Conflict theorists see stratification as a major source of societal tension and conflict. They do not agree with Davis and Moore that stratification is functional for a society or that it serves as a source of stability. Rather, conflict sociologists argue that stratification will inevitably lead to instability and to social change (R. Collins, 1975:62; L. Coser, 1977:580-581).
Lenski's Approach: A SynthesisSociologist Cerhard Lenski, Jr. (1966; Lenski and Lenski, 1987) has offered a view of stratification which synthesizes certain elements of the functionalist and conflict approaches. Lenski believes that each of these perspectives is valid under certain conditions and those different stages of technological development lead to different systems of stratification.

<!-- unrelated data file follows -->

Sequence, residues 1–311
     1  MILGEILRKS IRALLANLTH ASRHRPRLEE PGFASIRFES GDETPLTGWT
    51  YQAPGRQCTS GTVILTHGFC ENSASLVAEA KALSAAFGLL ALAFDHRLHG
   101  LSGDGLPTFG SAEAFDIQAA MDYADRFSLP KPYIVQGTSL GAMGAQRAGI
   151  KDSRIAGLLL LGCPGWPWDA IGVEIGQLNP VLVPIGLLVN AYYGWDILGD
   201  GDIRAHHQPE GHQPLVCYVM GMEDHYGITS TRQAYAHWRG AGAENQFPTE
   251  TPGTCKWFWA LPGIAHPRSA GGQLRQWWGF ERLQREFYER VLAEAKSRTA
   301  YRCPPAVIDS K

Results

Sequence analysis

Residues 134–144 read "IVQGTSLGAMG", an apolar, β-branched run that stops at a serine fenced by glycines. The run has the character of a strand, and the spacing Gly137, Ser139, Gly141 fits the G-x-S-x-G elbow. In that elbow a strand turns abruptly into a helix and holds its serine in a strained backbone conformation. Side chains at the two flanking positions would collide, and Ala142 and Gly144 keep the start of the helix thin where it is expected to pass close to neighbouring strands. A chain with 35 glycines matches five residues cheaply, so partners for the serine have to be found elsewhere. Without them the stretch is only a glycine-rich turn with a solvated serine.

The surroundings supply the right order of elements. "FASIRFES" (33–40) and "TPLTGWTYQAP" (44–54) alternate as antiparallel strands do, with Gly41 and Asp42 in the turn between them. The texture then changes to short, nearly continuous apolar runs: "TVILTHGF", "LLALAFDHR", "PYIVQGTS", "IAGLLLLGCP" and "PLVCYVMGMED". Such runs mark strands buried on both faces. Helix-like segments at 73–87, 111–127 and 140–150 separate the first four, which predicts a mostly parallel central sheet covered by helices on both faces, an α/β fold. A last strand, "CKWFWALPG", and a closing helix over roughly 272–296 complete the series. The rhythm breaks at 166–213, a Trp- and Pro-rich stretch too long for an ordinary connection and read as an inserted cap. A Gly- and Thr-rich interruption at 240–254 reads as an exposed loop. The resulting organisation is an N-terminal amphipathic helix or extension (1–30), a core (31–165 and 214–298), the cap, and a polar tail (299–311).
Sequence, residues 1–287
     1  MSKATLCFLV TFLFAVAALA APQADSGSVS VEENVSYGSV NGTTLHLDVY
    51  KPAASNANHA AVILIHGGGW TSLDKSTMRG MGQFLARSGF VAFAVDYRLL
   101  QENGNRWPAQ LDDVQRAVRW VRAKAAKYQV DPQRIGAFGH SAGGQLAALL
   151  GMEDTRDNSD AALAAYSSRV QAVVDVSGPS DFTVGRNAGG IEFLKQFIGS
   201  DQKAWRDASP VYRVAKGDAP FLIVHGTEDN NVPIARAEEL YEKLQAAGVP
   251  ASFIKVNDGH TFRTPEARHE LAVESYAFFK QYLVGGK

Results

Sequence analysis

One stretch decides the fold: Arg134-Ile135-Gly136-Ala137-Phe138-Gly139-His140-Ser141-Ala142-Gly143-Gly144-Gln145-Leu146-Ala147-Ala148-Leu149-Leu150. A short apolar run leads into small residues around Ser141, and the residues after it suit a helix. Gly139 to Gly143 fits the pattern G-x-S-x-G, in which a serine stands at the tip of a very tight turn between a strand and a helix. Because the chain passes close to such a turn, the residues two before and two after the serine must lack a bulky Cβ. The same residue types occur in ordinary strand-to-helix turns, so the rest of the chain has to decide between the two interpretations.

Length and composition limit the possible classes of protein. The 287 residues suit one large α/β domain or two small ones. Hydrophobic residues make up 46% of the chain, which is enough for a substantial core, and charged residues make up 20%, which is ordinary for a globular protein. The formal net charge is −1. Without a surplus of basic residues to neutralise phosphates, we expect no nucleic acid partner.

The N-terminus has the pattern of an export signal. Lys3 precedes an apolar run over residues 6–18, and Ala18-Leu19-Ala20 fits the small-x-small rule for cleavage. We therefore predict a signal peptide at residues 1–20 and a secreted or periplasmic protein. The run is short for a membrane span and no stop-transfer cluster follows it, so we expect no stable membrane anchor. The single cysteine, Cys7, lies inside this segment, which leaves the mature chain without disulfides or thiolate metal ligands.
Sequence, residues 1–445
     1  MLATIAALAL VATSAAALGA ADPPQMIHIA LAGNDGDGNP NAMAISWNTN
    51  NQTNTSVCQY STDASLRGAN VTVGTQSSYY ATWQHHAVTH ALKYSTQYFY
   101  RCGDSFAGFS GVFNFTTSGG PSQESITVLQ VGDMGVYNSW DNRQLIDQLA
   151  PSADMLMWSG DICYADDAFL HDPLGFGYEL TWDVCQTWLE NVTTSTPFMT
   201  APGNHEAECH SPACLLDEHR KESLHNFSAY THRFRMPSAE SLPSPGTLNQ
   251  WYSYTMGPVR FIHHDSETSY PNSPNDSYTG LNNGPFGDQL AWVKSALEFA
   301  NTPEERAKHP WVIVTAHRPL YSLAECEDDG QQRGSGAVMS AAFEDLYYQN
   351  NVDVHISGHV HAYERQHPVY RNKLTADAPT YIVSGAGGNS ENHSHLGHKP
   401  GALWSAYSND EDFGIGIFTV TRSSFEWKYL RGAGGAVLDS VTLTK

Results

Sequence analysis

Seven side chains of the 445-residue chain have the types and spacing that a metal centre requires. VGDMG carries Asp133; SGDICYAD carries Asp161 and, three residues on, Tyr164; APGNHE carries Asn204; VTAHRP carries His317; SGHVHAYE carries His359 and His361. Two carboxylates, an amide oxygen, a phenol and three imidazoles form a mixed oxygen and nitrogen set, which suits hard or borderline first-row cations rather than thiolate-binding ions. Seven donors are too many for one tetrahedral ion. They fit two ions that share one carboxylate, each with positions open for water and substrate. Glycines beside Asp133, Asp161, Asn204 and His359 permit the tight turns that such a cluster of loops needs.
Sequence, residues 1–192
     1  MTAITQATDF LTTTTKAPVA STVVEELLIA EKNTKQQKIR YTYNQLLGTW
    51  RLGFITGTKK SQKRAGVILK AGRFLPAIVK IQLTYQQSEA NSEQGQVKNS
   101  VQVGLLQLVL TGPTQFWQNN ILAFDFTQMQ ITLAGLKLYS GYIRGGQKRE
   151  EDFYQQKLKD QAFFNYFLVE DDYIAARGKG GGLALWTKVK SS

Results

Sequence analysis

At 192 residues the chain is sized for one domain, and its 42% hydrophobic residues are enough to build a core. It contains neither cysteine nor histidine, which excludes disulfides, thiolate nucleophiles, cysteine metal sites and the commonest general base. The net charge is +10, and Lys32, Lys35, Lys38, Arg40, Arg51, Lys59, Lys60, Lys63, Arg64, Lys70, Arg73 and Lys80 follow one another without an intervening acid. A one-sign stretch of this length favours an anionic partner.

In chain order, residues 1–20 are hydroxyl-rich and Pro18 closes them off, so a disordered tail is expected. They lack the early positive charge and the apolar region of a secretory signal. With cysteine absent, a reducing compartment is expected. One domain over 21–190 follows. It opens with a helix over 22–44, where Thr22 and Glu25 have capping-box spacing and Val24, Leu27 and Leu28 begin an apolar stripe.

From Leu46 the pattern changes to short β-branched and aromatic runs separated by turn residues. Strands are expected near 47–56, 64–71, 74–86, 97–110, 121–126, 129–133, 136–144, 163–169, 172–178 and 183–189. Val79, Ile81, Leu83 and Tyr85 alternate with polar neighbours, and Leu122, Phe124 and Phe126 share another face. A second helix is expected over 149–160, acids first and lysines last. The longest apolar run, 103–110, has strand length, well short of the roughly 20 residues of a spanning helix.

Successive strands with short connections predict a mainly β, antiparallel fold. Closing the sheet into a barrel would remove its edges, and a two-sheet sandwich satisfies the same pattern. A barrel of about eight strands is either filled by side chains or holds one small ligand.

Lenski describes the process of change in economic systems as their level of technology becomes more complex, moving from hunting to industrial society. Subsistence-based, hunting-and-gathering so-cities, people are focused on survival. While in-quality and differentiation are evident, a stratification system based on social class does not emerge cause there is no real wealth to be claimed. Essentially, Lenski agrees with functionalists at the key resources of a society are allocated for persons who occupy important roles. However, as a society advances in terms of tech-logy, it becomes capable of producing a considerable surplus of goods. Consequently, a definite and rigid social class system develops with, for example, a ruling class, a merchant class, and a peasant class. Surplus resources disproportionately distributed to those individuals and classes with the greatest status, influence, and power.